Let’s Talk: The “Downfall” of Machine Gun Kelly – mainstream sellout


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So, it’s taken me a while to get around to this one. After MGK’s genre-defining moment of Tickets to my Downfall went platinum back in 2020, I was marginally excited for its follow-up.

Embellished, new and pivotal in the course of pop-punk, Tickets to my Downfall was a solid album upon release. Sparked by the flurry and the new that made …Downfall so inadvertently exciting among fans of old and new, mainstream sellout unfortunately lacks the same in copious amounts.

Although featuring stand-out single features with explosive starter Born With Horns and BMTH’s Oli Sykes contribution to maybe, mainstream sellout seems awash with no real drive or grit amongst a your typical run-of-the-mill pop-punk album. Instead, it comes off as agitated and forced among an artist who is somewhat under the microscope after the successive punk debut of …Downfall.

This can be ultimately seen in the longevity of single releases, the subsequent last-minute album name and the intonation that MGK poses as an artist through his songs and social media where these pop punk fans and critics seemingly get to him… despite him being an artist in pop punk who should really do whatever he wants to do, right?

Between the follow-up of the two albums, MGK has slowly turned into a cringe-fest, adulterated with slagging off metal class acts of Slipknot and citing crude ignorance to his fans, he has become one of the most hated music artist at the moment. Now, if we’re going off the basis of pop-punk stigma, is this perceived as a successful artist if he’s a controversial figure – or is it simply unwarranted for someone who used to be no more than a rapper?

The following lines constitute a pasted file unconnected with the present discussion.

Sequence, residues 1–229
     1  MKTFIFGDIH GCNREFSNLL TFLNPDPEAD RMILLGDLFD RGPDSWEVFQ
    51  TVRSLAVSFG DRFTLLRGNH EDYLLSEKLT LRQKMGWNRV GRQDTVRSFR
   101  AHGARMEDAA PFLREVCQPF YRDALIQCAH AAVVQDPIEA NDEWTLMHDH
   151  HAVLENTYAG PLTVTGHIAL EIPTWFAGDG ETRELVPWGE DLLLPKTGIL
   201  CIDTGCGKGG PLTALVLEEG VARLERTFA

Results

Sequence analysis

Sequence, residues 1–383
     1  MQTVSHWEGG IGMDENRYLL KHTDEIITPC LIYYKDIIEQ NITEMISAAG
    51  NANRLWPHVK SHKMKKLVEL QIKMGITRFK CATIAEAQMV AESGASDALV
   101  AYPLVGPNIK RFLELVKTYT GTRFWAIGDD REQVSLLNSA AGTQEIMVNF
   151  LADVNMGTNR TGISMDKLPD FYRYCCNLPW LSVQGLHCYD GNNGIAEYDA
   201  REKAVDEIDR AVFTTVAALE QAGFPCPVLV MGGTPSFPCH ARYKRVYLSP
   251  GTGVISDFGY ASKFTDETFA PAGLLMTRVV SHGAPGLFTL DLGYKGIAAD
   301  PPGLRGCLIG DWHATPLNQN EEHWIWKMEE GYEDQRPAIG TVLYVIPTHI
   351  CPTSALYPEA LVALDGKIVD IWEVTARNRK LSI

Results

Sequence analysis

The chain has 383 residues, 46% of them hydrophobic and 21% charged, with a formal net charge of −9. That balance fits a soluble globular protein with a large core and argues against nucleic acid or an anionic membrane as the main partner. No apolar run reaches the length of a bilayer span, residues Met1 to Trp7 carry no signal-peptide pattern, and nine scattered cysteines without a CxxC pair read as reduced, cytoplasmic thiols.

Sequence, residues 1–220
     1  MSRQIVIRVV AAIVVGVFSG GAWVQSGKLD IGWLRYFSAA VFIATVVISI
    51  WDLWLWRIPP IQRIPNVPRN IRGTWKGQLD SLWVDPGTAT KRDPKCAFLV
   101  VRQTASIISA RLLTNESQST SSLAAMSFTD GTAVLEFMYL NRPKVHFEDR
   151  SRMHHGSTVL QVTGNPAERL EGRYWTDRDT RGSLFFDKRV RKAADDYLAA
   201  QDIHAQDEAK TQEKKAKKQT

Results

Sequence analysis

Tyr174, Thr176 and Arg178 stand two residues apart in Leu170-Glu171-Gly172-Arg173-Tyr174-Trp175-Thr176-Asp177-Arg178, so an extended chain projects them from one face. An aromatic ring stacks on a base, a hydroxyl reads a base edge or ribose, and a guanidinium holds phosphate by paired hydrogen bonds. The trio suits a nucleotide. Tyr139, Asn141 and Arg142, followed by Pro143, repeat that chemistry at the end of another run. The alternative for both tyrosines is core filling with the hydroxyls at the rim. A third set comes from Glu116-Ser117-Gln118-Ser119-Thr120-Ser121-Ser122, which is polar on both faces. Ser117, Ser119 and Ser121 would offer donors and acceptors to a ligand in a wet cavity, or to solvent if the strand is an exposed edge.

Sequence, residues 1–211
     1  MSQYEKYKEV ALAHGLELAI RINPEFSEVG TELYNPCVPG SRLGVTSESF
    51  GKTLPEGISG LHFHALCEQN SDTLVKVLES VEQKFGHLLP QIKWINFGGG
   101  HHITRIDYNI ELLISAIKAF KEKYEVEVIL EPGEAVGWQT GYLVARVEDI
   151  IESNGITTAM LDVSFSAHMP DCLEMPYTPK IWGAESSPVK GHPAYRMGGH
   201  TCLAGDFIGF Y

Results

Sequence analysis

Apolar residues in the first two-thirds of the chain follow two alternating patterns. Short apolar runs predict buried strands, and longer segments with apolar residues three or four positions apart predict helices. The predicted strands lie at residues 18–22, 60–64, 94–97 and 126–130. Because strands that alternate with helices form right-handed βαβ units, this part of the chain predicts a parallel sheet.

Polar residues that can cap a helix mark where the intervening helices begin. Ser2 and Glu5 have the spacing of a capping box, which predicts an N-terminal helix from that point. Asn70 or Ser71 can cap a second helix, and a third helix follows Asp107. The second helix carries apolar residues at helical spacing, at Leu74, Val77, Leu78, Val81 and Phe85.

With Tickets to my Downfall portraying a man opting for a fresh change in-keeping with the pop-punk DIY ethic {by merely standing by a pool}, it resulted the album playing off equally well within a pop-punk scene that really only began to get going thanks to the idolised work of Travis Barker. Flash forward to two years and a lot has happened since then. Barker’s DTA record label has made countless signings of the new (jxdn) and the old (Avirl Lavigne) and the revitalisation of such a genre is in full swing.

Now enter that same man from two years ago, who not producing inherently revolutionary compared to those before him, is now seemingly claiming something rehashed within a more modern world as something equally new as his music.

It’s simply not going to go down well, is it?

\\mainstream sellout – a title for an artist who more self-aware than he is giving off? Or it may be just nothing but irony.//

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